7 Tips for Adopting a Dog

January 14, 2022

Adoption

January 14, 2022

Adopting a dog is an exciting time, but all the decisions and tasks you’ll have to complete can be overwhelming. Proper preparation will help your new dog transition smoothly from shelter life to your home. Follow these seven tips when adopting a dog to help the entire process, from the initial decision to welcoming home your new pet, go off without a hitch.

#1: Ask yourself if you can commit to a dog

Caring for another living creature requires a huge commitment, and dogs in particular need plenty of your time and resources to thrive. Before heading out to adopt a homeless pup, ask yourself if you can commit to their care for their entire life. 

Decide if you have enough time to exercise, play with, train, and care for a dog. Keep in mind that puppies typically require a bigger time commitment than adult or senior pets. They can be high energy and need a great deal of exercise. 

Also, consider your finances before adopting a dog. The upfront costs to purchase all the necessary supplies, like bedding, food, bowls, toys, treats, leash, collar, and a crate can be significant. While routine veterinary care can help keep your dog healthy, an emergency veterinary visit can be pricey if they have an accident or sudden illness. Add grooming, training, and wellness care costs, and a dog becomes a substantial financial commitment.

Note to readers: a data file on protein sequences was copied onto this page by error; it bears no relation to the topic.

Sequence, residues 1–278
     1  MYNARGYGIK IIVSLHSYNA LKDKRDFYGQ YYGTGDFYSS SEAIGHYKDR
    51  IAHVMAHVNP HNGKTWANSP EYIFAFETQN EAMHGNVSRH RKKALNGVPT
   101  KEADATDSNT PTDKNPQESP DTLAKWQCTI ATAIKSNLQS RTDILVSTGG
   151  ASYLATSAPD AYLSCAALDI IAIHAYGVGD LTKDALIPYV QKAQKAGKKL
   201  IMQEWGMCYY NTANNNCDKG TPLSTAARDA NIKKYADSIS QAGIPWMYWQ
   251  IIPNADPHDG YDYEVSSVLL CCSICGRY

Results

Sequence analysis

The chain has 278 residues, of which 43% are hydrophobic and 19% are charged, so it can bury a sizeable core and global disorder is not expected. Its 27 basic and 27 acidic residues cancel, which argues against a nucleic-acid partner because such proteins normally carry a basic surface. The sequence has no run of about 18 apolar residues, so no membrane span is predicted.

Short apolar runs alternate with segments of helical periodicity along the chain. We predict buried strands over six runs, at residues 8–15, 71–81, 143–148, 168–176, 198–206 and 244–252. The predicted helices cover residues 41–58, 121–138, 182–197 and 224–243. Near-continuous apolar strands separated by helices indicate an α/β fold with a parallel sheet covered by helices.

#2: Decide what type of dog you’d like to adopt

Instead of claiming the first dog you see, decide what type of dog will best fit your lifestyle and home, and then search for the perfect match. Consider the following criteria:

  • Breed — Research your chosen breed to see if they’d be a good fit regarding size, attitude, activity, and health care needs. If you don’t have a specific breed in mind, at least determine the size of dog, based on your available space.
  • Activity level — If you’re a couch potato, choose a low energy dog. But, if you enjoy hiking, running, or other sports, an active dog would certainly suit your lifestyle.
  • Temperament — A mellow, easy-going dog is perfect for families with young children, while a highly alert, protective dog can add a measure of security for someone who lives alone.

#3: Prepare your home for a dog

Dog-proofing your home before you adopt a new dog is much simpler than waiting until after your four-legged companion arrives. Create a welcoming, safe environment by removing dangers, and blocking access to potential hazards. Plants, electrical cords, sharp objects, small items, and various toxins can harm your new dog if not covered or placed well out of reach.